4.
J Med Screen ; 28(2): 213-216, 2021 06.
Article in English | MEDLINE | ID: covidwho-1140458

ABSTRACT

OBJECTIVES: To quantify the secondary impacts of the COVID-19 pandemic disruptions to cervical cancer screening in the United States, stratified by step in the screening process and primary test modality, on cervical cancer burden. METHODS: We conducted a comparative model-based analysis using three independent NCI Cancer Intervention and Surveillance Modeling Network cervical models to quantify the impact of eight alternative COVID-19-related screening disruption scenarios compared to a scenario of no disruptions. Scenarios varied by the duration of the disruption (6 or 24 months), steps in the screening process being disrupted (primary screening, surveillance, colposcopy, excisional treatment), and primary screening modality (cytology alone or cytology plus human papillomavirus "cotesting"). RESULTS: The models consistently showed that COVID-19-related disruptions yield small net increases in cervical cancer cases by 2027, which are greater for women previously screened with cytology compared with cotesting. When disruptions affected all four steps in the screening process under cytology-based screening, there were an additional 5-7 and 38-45 cases per one million screened for 6- and 24-month disruptions, respectively. In contrast, under cotesting, there were additional 4-5 and 35-45 cases per one million screened for 6- and 24-month disruptions, respectively. The majority (58-79%) of the projected increases in cases under cotesting were due to disruptions to surveillance, colposcopies, or excisional treatment, rather than to primary screening. CONCLUSIONS: Women in need of surveillance, colposcopies, or excisional treatment, or whose last primary screen did not involve human papillomavirus testing, may comprise priority groups for reintroductions.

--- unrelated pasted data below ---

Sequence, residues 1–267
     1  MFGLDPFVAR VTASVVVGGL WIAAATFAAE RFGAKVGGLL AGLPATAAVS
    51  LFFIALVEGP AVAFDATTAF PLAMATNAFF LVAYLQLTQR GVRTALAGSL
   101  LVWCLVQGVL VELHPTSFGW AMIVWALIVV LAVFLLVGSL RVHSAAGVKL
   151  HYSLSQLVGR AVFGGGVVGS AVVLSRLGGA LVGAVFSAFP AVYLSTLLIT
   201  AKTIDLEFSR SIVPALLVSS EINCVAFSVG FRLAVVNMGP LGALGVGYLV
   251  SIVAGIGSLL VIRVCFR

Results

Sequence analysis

Subject(s)
COVID-19 , Early Detection of Cancer , Uterine Cervical Neoplasms/diagnosis , Adult , Colposcopy , Cytological Techniques , Female , Humans , Middle Aged , Models, Statistical , Papillomaviridae/isolation & purification , Papillomavirus Infections/diagnosis , United States , Uterine Cervical Neoplasms/epidemiology